Church statements on the Palestinian-Israeli conflict

Homily by H.B. Michel Sabbah, Latin Patriarchate, on behalf of Their Beatitudes the Patriarichs and Heads of the Christian Communities in Jerusalem
Jerusalem Ecumenical Worship Service
12 October 2000


Brothers and Sisters

1. I greet you, in the name of the Lord Jesus Christ, on behalf of my brothers, Patriarch Diodoros I, Patriarch Torkom II, and all the heads of the Christian Churches in Jerusalem, here present or represented. Together we raise our prayer to God, for peace in Jerusalem and in all the Holy Land.

We are gathered here to pray, to put ourselves in the presence of God, in His love and justice for all his children, those living in conflict or those living in peace. We are gathered here to ask God Almighty to give us His peace, the peace which is the fruit of His love and His justice in the conflict we are living these days between our two peoples, Palestinian and Israeli.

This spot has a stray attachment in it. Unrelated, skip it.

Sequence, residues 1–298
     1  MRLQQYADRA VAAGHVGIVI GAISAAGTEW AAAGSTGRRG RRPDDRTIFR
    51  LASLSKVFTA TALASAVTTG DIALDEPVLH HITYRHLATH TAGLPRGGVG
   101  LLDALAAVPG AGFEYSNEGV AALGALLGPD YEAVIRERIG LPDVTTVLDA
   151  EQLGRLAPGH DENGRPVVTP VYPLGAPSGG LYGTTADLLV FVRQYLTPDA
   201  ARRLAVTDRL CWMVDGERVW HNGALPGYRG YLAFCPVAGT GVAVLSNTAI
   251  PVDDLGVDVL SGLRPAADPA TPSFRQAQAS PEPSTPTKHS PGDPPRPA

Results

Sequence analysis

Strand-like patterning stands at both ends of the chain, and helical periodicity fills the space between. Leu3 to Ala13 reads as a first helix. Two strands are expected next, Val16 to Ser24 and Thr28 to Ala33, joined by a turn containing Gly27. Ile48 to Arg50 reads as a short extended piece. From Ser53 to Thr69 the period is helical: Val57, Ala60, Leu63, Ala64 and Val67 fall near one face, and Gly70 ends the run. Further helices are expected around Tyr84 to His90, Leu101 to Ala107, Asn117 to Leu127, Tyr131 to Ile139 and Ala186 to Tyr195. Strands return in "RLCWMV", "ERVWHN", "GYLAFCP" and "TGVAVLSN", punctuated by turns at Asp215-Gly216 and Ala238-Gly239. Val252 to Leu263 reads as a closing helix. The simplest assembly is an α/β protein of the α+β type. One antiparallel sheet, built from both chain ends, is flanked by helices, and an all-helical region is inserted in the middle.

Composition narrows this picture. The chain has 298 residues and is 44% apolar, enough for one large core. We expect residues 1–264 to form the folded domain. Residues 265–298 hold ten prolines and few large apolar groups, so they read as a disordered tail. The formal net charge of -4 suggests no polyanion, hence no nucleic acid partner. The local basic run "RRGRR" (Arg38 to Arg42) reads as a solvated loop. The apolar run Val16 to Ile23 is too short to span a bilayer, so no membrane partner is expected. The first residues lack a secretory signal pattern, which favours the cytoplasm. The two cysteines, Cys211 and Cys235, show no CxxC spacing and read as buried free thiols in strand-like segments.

2. We started our prayer by listening to the word of God. In the first reading, we listened to Prophet Micah reproaching the oppression in his days. The Prophet said:

"Disaster for those who plot evil... Seizing the fields they covet, they take over houses as well... who build Zion with blood, and Jerusalem with iniquity" (Micah 2:1-3; 3:9-11)
Hearing these verses, we keep silent in front of the mystery of iniquity which filled and fills today the Holy City, besides the mystery of the love of God for her and for the whole humankind in her.